Pasta is a favorite meal with Australian families – it is cheap and can be served in a variety of ways.
And although the Italian staple comes in different shapes and sizes, not all types of sauce work, revealed food expert Jane de Graaf.
The culinary expert recently shared a handy guide that combines each pasta type with the right sauce and revealed why spaghetti should never be used for Bolognese.
Long and thin noodles
Because spaghetti (photo) is a thinner type of pasta, it does not work so well for thicker, meaty sauces such as Bolognese
Spaghetti is the type of pasta that falls into the long and lean category, just like vermicelli, linguine and spaghetti.
According to Jane, thinner types of pasta generally work best with lighter oil-based sauces, because they completely cover the strand.
They added longer types of noodles such as spaghetti were not great for meaty sauces such as Bolognese, because the strands were too thin for the sauce to hold on to.
Long ribbon-like pasta
Thicker sliced pasta such as tagliatelle (photo) is considered to be a better pasta for serving with meaty sauces
Richer, meatier sauces such as ragu or Bolognese work better with pasta types that are cut slightly thicker.
Tagliatelle, pappardelle, fettuccine work best for these types of sauces, because the wider ribbons offer enough room for the sauce to hold on to.
A ragu served over the top of tagliatelle is a typical dish of Bologna, the capital of the Italian region of Emilia-Romagna.
Orecchiette (photo) a shell-shaped pasta, works well with a creamy sauce, but the trick is to make it slightly overcooked so that it does not lose its shape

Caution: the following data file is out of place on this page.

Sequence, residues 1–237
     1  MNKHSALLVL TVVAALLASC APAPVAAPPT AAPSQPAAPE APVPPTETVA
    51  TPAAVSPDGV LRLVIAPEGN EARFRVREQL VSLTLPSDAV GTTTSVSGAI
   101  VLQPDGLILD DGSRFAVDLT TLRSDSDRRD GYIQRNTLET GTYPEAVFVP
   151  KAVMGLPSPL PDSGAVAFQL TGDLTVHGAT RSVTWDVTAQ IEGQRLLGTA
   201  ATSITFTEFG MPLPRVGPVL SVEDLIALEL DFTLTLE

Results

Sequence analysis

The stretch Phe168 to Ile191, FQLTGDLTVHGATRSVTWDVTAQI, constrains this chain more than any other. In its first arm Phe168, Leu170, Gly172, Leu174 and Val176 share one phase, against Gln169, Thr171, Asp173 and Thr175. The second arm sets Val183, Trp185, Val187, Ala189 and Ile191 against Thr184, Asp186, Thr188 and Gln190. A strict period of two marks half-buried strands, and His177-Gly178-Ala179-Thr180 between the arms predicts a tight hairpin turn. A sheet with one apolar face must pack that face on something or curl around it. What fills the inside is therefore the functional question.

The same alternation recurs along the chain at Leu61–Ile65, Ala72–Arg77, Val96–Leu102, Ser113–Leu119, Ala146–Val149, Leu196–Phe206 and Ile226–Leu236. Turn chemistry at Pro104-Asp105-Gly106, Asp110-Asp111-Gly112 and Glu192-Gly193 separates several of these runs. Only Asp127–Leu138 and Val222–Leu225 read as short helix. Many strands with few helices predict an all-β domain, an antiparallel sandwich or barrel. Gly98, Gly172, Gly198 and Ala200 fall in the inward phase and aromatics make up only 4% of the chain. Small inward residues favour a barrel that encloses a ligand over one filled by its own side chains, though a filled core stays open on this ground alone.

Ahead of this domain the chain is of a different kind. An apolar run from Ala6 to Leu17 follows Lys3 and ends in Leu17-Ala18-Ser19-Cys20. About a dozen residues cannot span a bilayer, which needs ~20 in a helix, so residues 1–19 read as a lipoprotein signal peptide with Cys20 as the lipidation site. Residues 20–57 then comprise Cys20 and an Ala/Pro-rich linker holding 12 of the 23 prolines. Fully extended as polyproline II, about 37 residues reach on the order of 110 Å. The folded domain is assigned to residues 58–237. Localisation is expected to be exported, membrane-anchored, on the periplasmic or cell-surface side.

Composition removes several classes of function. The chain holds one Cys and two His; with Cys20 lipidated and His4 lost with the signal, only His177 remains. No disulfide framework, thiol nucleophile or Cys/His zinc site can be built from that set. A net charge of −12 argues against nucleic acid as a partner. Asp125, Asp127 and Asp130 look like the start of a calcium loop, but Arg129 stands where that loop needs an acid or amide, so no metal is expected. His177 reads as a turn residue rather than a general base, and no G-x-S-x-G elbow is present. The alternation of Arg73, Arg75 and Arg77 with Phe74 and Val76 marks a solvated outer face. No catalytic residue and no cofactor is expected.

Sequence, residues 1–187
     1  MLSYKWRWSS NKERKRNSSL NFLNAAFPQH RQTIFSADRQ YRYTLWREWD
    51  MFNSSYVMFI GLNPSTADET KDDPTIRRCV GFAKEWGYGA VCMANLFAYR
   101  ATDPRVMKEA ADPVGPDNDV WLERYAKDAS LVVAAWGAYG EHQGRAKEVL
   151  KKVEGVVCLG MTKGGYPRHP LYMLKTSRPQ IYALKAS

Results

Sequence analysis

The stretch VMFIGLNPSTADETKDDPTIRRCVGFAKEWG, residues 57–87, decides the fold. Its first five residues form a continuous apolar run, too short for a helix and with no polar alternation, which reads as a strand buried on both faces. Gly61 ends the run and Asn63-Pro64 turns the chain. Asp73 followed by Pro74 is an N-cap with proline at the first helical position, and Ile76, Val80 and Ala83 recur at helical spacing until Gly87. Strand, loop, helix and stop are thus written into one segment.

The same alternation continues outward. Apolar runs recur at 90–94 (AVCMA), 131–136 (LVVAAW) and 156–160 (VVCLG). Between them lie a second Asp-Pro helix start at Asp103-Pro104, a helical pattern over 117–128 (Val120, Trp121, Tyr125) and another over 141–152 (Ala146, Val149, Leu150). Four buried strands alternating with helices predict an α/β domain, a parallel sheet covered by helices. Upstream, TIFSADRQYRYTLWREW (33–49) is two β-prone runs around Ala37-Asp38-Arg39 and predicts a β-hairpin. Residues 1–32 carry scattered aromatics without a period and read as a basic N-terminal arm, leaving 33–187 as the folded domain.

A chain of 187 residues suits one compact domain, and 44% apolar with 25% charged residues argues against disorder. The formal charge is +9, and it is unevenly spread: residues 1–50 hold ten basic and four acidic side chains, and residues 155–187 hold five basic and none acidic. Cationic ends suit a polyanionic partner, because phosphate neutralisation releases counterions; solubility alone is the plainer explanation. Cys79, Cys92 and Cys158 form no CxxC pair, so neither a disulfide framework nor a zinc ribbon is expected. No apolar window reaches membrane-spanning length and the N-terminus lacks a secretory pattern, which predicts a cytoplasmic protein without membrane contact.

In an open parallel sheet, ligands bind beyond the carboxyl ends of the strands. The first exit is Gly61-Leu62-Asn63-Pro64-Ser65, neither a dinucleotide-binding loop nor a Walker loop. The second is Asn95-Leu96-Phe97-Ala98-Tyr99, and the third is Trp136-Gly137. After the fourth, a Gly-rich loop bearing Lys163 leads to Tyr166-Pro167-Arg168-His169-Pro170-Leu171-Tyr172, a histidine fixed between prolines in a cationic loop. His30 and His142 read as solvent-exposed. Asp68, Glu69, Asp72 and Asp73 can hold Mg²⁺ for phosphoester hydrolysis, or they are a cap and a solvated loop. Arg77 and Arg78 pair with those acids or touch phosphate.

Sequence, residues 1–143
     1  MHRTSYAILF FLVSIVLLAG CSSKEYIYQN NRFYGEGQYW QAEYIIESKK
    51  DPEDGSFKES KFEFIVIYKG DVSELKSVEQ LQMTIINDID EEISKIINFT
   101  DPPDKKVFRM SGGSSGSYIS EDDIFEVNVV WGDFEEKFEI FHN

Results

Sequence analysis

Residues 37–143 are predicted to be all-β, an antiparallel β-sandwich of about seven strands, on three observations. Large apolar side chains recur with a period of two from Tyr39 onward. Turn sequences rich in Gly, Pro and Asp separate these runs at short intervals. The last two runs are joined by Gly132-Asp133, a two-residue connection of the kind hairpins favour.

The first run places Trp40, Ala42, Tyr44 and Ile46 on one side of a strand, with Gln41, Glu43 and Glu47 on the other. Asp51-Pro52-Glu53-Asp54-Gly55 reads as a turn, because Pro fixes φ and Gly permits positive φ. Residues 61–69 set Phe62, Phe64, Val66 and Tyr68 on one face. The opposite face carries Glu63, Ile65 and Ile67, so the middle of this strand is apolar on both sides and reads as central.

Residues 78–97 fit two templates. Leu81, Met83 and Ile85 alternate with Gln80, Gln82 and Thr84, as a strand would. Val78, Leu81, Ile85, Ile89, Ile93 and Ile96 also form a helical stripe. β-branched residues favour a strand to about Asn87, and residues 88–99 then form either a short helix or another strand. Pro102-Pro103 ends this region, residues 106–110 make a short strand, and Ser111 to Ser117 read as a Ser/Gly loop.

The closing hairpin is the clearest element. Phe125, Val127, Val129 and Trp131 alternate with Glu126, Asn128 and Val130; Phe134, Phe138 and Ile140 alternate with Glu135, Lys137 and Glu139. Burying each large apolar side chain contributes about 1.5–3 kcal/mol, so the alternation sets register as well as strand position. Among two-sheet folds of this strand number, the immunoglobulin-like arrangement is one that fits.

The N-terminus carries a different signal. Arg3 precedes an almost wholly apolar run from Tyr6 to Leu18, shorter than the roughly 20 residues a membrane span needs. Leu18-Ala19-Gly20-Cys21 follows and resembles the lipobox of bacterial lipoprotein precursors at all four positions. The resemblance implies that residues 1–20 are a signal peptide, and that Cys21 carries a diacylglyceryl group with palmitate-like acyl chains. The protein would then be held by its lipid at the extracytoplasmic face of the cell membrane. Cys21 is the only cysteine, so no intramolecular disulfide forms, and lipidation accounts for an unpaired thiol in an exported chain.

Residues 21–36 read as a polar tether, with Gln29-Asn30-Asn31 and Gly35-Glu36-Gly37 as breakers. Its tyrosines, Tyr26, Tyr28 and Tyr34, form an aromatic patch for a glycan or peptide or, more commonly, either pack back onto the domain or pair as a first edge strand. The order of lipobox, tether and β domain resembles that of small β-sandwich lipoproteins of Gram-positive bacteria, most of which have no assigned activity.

Shell-shaped pasta & # 39; s work well with a creamy or meat-based sauce, Jane said.
The pasta, which comes as shells, snails, large elbows or orecchiette (which translates as a small ear), does not grasp the sauce, they are more designed to & # 39; hold & # 39 ;.
When you cook this type of pasta, it is worth keeping in mind the al dente rule. This means that pasta is almost cooked, but not entirely.
The reason for this is that shell-shaped pasta loses its shape if it is overcooked and does not work well for cupping the sauce.
Twisted and spiral shapes
Fusilli (photo) is perfect for lighter sauces such as pesto
Pasta forms such as fusilli, casarecce, strozzapreti must be used in combination with a lighter sauce.
An ideal sauce is pesto. This is a sauce made from Parmesan cheese, fresh basil and pine nuts, and olive oil mixed into a smooth paste.
While the oil causes this type of sauce to cling to these shapes, adding a dash of boiling water will loosen the sauce so that the pasta covers more evenly.
Tubular pasta such as penne (photo) works well in macaroni, because the pasta can be filled with sauce
This type of pasta is ideal for thicker sauces such as ragu or that are full of vegetables.
Tubes that are larger in shape, such as cannelloni, can be filled with sauce and baked in the oven.
Smaller versions are penne, rigatoni, maraconi, ziti. These are also perfect for oven-baked dishes, such as macaroni cheese or pasta.
Mini pasta shapes
Smaller pasta shapes such as orzo (photo) work well in soups and stews
In addition to larger pasta forms that are served with different sauces, there is a series of smaller forms.
Because of their size, they are usually included in soups or stews, or a type such as orzo can be used in a salad.
Risoni, fregola and mini elbows are three that fall into this pasta category.
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